“That’s our premium dollars working against us,” said George Kehrer, executive director of Community Assisting Recovery, an advocacy group founded after the 1994 Northridge earthquake. In the last three years, Allstate, Farmers Insurance Group and two industry associations gave committee member Ronald S. Calderon (D-Montebello) $1,300 in golf fees, meals and a room at the Wynn Hotel in Las Vegas. Allstate also paid for a $170 meal at a Pebble Beach clubhouse for Calderon and his wife.

In May 2003, Farmers paid for Calderon and then-committee member George Nakano (D-Torrance) to attend a Laker game at $114 per ticket. State Farm gave $50 tickets to a 2004 Clipper game to staffers who work for Nakano and for two colleagues on the panel, Mark Ridley-Thomas (D-Los Angeles) and Jerome Horton (D-Inglewood).

In March 2005, Farmers bought dinner for Assembly Speaker Fabian Nuñez (D-Los Angeles), Vargas and the committee’s chief advisor at a cost of $166 a person. Insurers do not overlook the Republican minority on the panel, though records show that they have tended to pay for smaller events, like a $32 reception in 2003 for Dave Cox (R-Fair Oaks), who owns an insurance business (Cox was elected to the Senate last year). Committee vice chairman John Benoit (R-Palm Desert) received a $67 dinner in 2004.

One of the most active lobbying groups is the Personal Insurance Federation of California, formed by Farmers and State Farm in 1989 after voters imposed stringent new rules on insurers through Proposition 103.

Between 2003 and 2005, the federation paid for 22 meals for committee members and their aides, as well as a $290 golf game for Vargas’ brother, Javier. A frequent participant at those meetings, legislators said, was the federation’s president, Dan Dunmoyer, now a deputy chief of staff to Gov. Arnold Schwarzenegger.

Vargas said the perks were irrelevant. “Most of the contact I have is not with them,” he said. “Most of the time I’m meeting with citizens, I’m meeting with friends of mine, and these are people who are not in the insurance business.”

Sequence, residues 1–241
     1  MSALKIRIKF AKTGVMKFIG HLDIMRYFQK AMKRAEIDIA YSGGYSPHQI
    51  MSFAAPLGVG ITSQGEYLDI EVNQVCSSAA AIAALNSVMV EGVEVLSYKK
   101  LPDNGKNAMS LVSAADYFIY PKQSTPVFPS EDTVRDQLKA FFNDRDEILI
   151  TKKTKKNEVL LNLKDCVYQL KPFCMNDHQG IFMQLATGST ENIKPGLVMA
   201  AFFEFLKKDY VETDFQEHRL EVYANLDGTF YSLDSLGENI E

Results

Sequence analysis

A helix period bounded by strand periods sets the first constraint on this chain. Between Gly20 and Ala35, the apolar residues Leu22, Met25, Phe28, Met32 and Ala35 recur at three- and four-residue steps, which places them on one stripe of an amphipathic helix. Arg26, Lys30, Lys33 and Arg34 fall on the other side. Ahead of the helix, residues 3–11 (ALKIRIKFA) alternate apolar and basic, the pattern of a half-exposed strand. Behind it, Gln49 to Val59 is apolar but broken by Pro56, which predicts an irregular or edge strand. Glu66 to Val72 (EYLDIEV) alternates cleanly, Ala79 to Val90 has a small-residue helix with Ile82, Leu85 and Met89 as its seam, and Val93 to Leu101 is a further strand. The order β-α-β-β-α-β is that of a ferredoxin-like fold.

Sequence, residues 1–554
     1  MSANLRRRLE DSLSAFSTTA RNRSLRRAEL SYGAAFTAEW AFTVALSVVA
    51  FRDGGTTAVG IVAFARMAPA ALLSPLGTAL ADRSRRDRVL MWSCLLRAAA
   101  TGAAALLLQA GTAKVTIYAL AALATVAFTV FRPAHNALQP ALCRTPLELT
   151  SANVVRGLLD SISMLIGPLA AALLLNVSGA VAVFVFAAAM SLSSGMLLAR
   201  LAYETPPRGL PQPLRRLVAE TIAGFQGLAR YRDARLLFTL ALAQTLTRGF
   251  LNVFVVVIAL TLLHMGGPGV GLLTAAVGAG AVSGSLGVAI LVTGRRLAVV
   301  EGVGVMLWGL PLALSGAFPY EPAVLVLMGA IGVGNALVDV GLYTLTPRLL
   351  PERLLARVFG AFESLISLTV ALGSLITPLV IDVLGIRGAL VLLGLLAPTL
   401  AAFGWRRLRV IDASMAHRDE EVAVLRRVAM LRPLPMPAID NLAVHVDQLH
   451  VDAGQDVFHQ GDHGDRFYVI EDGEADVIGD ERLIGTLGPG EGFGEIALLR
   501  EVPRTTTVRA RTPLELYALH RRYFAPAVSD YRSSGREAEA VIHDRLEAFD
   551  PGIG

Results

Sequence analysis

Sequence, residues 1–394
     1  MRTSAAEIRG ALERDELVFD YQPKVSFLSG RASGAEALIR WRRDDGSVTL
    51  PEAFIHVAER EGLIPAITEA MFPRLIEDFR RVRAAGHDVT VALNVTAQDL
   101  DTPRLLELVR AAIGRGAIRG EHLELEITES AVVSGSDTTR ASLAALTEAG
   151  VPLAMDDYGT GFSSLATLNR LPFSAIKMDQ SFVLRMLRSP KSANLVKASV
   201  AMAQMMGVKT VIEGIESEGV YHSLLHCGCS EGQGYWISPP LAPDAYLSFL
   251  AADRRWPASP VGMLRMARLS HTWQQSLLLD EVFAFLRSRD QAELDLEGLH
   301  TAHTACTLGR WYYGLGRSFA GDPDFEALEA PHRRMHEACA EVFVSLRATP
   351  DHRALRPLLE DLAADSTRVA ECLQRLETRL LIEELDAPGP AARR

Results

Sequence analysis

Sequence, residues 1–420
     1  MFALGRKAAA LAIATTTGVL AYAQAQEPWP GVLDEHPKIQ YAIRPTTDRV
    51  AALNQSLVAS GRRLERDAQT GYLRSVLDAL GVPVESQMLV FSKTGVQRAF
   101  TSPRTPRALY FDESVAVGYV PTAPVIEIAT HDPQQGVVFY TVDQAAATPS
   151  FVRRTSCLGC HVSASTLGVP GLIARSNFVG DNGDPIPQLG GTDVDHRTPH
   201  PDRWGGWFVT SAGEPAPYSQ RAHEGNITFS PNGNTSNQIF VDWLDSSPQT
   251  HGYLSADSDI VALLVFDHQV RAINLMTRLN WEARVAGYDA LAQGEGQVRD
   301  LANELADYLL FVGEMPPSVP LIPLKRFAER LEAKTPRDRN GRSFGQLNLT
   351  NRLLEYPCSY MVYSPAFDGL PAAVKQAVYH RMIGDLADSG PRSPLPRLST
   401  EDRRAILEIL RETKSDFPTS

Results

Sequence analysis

Vargas noted that since he became chairman of the committee, he has sponsored three bills opposed by insurers and often votes against their interests.

Several of the wildfire survivors said Vargas particularly disappointed them. “When we found out that the chairman of the insurance committee was a San Diegan, we thought: ‘How great, who better than a local guy to know what had happened,’ ” said Ciaran Thornton, who lost his Harbison Canyon house in the fires. Thornton and a friend whose home had narrowly escaped incineration met with Vargas at his Chula Vista office in June 2004.

“We sat down, he listened to us. He said, ‘We’ll see what we can do.’ It was very hard convincing him. It was pretty much a roadblock,” Thornton said. “He never got back to us at all.”

Vargas said he gave wildfire victims extensive opportunities to make their cases, both privately and before his panel. But he said his empathy was outweighed by concerns that greater protections for wildfire areas, which tend to be affluent, would be paid for by more economically vulnerable people.

“You know who’s going to get hurt? It’s the elderly woman who has never had a claim, never done anything wrong, and her rates are going to go up by 10%, and that’s not right,” Vargas said.

Amy Bach, executive director of United Policy Holders, a San Francisco homeowner advocacy group, said the schmoozing between legislators and lobbyists cements personal relationships that carry over into the Capitol.

“If the guy’s gotten them a great tee time on a very coveted golf course, then they’re pals, and that makes it that much harder on a personal level to go against them,” she said.

See which California lawmakers, that represent you, make the biggest bucks from the insurance industry in Part 4.

Source: Times reporting
Los Angeles Times

See the article on Los Angeles Times website